An amusing article appears in the Daily Express about Muirfield Golf Club in Gullane, East Lothian, Scotland, which came in for a fair amount of stick for banning women from joining.

According to the paper, a plaque appeared on a bench in Edinburgh's West Princes Street gardens which 'excludes' members of Muirfield from sitting on it.

The plaque, which was later removed by the city council, read: “The members of Muirfield Golf Club are hereby excluded from sitting on this bench. By the order of the female population.”


The Guardian writes about some of the unusual items of historic interest which have recently been listed by the government.

They include a rock face with carvings by First World War conscientious objectors, the wreck of a US-built ship buried in Minehead beach in Somerset, the oldest water chute in Britain, built in the 1920s in Northamptonshire, and a bronze age burial mound deep in south-east London.

The list was compiled on the advice of Historic England and the items were among 1,033 added to the register over the year.

Roger Bowdler, head of listing, said: “Historic England strives to keep the list rich and relevant so that the best of our, often weird and wonderful, heritage can continue to be enjoyed and understood for future generations.”


And the BBC informs us of some of the strange gifts people have given to charity.

A sheep's head, a prosthetic leg and a ferret are among the items which feature in a top 10 list of strange donations, were given to charities including Oxfam and Guide Dogs for the Blind.

The list, which was compiled by the Charities Aid Foundation, also includes a ventriloquist dummy and two canaries.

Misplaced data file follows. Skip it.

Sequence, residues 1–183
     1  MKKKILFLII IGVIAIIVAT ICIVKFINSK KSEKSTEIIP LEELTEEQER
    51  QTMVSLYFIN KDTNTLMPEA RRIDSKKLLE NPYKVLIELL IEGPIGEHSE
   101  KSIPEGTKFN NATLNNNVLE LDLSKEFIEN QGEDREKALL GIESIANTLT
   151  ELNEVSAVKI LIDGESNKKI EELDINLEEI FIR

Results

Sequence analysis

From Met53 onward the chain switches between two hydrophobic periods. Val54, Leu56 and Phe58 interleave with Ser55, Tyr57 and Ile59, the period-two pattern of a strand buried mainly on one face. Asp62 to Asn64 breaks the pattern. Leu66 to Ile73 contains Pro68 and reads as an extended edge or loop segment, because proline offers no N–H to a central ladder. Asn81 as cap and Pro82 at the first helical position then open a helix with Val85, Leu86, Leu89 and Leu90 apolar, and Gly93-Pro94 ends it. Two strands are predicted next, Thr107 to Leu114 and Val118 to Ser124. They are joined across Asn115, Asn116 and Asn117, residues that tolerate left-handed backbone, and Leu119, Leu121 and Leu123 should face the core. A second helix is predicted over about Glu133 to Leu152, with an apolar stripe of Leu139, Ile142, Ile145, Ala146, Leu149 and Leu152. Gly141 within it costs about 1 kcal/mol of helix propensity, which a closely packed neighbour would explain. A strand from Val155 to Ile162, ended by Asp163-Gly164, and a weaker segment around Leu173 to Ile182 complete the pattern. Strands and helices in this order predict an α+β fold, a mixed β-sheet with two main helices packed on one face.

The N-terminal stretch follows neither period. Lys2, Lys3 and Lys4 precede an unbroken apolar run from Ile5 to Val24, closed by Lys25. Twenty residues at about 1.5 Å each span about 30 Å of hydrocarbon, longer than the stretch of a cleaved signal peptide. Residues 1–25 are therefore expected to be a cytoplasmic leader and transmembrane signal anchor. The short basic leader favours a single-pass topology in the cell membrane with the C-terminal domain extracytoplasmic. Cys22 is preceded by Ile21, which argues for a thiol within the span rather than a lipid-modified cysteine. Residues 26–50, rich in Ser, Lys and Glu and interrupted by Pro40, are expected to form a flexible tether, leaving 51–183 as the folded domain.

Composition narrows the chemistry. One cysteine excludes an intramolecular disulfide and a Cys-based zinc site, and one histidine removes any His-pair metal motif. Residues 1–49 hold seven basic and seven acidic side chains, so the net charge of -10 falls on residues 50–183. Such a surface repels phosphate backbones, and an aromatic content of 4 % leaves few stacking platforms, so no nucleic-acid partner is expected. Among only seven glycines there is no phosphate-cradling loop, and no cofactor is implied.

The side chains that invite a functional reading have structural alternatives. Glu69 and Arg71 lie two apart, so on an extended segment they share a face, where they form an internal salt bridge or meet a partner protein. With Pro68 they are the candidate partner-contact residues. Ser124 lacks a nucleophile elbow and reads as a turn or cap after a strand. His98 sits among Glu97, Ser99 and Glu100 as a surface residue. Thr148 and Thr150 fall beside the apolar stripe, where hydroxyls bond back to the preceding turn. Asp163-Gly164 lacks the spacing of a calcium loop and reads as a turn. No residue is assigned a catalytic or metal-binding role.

The Christmas Day truce between British and German troops was a remarkable event during the First World War.

Now, reports the Daily Express, the medals for a soldier who took part in the football game in 1914, have been sold for £15,000.

Lieutenant-Colonel Frank Naden’s five medals for gallantry – three Distinguished Service Orders and two Military Crosses – were among 12 sold by his family.

Frank was one of the first soldiers to leave the trenches on Christmas Day to mingle with German counterparts on no man’s land. and exchange food and cigarettes. 

In a letter he later wrote home, he said: “We had a rare old jollification, which involved football, in which the Germans took part.” 

His medals have been bought by a private collector at an auction in London.


The recipe for a Christmas drink for 17th century monks, which begins with 10 pints of brandy, has been rediscovered in the archives of Ampleforth Abbey, North Yorkshire.

The Guardian reports that the recipes were written down for English Benedictine monks who were in exile in France after the dissolution of the monasteries.

Dr James Kelly, from the department of theology and religion at Durham University, said:“The quantity, and the time taken to make the drink, suggests that this was something to be enjoyed on special occasions by the whole monastic community – not a quick drink for cocktail hour.”


How about this for first class service – eight year old Iris Corbett wrote a letter to 'Somewhere in Paris, any house' and received a reply from the Louvre.

Iris, from West Bridgford, Nottingham, wrote the note, including 10 questions about Paris, the food, and its culture, after learning about France at school, says the Daily Express.

Now she has received a reply from the world famous Louvre Museum thanking her for her interest.

Iris said: “I didn't know who to address it to so just put 'Somewhere in Paris, any house' and hoped it would be delivered somewhere.

"I didn't know if I would get a reply but was really happy when the Louvre wrote back.”


Retired professor Peter Field reckons he has finally found the location of King Arthur's Camelot – on the outskirts of Huddersfield in West Yorkshire.

The Independent reports that Professor Field, an expert in literature on the mythical Arthur, has claimed the location of Camelot was a small Roman fort at Slack, to the west of Huddersfield.

He said: “It was quite by chance. I was looking at some maps, and suddenly all the ducks lined up. I believe I may have solved a 1,400-year-old mystery.”


Reference list:

The Express (

The Guardian (